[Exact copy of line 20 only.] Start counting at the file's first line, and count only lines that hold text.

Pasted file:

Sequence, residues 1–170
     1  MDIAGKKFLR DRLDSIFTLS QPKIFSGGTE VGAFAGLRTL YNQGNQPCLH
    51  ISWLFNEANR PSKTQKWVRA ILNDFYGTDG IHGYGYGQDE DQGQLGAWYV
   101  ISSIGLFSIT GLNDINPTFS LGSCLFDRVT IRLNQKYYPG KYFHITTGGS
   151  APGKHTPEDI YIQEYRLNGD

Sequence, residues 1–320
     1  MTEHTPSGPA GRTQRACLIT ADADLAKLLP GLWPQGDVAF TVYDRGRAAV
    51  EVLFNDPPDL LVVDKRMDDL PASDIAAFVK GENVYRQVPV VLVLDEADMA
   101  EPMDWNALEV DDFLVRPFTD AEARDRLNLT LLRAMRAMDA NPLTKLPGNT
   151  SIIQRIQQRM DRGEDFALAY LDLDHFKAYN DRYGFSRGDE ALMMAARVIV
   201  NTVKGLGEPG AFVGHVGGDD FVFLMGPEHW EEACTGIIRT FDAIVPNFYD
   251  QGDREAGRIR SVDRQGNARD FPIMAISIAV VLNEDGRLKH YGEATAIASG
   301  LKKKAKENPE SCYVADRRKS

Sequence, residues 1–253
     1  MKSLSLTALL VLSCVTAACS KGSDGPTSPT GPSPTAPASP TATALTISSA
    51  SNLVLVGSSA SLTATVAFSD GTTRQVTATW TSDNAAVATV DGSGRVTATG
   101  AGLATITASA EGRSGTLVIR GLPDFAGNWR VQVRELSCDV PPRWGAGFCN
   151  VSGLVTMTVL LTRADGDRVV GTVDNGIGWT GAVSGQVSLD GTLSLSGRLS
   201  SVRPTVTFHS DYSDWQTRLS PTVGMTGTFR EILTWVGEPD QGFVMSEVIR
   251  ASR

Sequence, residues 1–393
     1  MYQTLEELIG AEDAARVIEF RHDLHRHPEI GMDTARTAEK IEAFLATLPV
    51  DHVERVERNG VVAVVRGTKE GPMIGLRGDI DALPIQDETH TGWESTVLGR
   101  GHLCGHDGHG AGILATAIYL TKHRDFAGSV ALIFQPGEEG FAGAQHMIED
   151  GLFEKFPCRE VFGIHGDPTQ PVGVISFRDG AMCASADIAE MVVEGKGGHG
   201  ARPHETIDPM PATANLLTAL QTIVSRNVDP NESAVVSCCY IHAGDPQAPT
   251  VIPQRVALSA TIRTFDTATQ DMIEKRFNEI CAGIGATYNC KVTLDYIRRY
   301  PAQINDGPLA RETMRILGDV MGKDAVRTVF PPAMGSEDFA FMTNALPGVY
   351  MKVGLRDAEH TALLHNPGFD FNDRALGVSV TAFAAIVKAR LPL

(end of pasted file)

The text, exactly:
   251  ASR